Inconsistent tone, especially when shifting between earlier acts
Have hope, Cinderella is nowhere near as abysmally boring as its trailers. I’ll be honest, the sap level of the trailers were so off the charts that it was with great reluctance that I watched this movie… but good thing I did—it was actually pretty good.
Beginning with 2010’s wholly unnecessary Alice in Wonderland, and continuing with last year’s Maleficent, Cinderella is the latest in Disney’s attempt at toying with the idea of bringing animation to life alongside tackling different aspects of the stories that may not have seen much screen time originally. While it isn’t a sequel (like the former) or an alternate take (the latter), Cinderella certainly delivers on that, going so far as putting the Charm in Prince Charming.
However, the movie does suffer from a rather slow and sappy opening, that nevertheless manages to serve successfully in portraying Ella’s (as she’s first called here) relationship with her father and presents the widower as someone more than just a lonely man with bad taste in second wives. And unlike the movie on which this was based on, Cinderella here is a lot less passive and displays an actual personality making her far more endearing than her musically inclined, painted counterpart.
Not enough can be said of Lily James as a believable Cinderella who walks the fine line of demure and rebellious, innocent and quirky. Juxtaposed with Cate Blanchett channelling her inner-Meryl Streep, the pair share scenes that alone could justify watching the movie. More so than the treatment of the movie, it is Blanchett’s tortured Lady Tremaine that reminds me of Angelina Jolie’s turn at Maleficent. Had any director of lesser talent than Kenneth Branagh handled Cinderella, Blanchett would have easily overshadowed just about everybody else.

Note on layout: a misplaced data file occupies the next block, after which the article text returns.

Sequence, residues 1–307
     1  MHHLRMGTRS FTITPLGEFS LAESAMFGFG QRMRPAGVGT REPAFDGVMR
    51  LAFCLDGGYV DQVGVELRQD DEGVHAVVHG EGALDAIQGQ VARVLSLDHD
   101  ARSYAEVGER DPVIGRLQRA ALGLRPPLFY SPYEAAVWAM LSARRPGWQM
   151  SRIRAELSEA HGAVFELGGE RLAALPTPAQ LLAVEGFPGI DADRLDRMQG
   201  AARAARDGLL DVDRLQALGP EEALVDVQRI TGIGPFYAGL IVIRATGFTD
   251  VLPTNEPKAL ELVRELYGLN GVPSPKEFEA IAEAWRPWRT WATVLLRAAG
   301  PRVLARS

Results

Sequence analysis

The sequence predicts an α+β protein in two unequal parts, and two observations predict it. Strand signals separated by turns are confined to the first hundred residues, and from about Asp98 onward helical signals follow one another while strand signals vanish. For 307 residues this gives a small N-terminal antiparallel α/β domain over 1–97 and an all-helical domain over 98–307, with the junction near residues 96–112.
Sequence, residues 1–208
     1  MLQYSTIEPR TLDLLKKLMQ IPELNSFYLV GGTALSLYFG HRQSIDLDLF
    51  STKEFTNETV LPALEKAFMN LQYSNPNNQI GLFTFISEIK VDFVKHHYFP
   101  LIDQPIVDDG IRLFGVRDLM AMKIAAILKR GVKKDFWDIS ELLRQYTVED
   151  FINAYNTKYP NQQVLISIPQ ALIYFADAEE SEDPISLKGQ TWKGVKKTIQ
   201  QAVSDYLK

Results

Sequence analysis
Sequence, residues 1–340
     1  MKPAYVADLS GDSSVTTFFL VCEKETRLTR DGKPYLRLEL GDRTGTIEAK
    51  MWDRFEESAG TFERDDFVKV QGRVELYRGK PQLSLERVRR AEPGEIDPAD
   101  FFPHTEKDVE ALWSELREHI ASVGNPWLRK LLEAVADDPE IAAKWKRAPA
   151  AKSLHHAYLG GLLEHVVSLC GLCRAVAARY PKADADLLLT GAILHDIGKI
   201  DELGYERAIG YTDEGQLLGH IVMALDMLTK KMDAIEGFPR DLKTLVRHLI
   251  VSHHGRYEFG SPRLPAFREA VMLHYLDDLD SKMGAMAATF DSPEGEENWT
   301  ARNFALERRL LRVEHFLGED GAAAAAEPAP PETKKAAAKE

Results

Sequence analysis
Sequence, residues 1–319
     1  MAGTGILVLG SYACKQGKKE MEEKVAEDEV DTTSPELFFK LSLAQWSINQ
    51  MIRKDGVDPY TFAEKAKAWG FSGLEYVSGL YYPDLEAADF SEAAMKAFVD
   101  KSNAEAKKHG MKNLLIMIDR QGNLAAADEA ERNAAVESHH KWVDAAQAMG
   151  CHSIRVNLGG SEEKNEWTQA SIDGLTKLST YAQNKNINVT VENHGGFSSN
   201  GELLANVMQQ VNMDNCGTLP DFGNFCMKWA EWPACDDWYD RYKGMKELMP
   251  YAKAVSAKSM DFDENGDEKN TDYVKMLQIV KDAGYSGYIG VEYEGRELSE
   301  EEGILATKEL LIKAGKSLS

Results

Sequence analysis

If there’s anything to be said against the movie, it would ironically be the iconic fairy godmother scene. Maintaining a well-measured tone of semi-realism till then, Cinderella’s magical transformation comes as a sudden break, forcing us to realise that this (unlike the aforementioned Maleficent) is more truly a remake than an adaptation. While an error or two in most storytelling sequences can be forgiven, and even forgotten, this one stands out due to its significance to the story. Even more disappointingly, it never seems to hit the magical zenith which Patrick Doyle’s score seems to expect.
That aside, Helena Bonham Carter’s appearance as a Burton-esque Fairy Godmother (that’s a good thing, I promise) does give the movie a much needed kick in the pace. Also, her short appearance highlights the strength of the selected cast.
Despite all of my earlier concerns, I daresay Cinderella has earned itself a place in Disney’s library, not only setting the benchmark for future adaptations of kind, but also correcting the problems faced by Alice in Wonderland and Maleficent. If nothing else, I am now far more excited for the upcoming Beauty and the Beast remake (Emma Watson!)… but am still hella worried about Tim Burton’s take on Dumbo…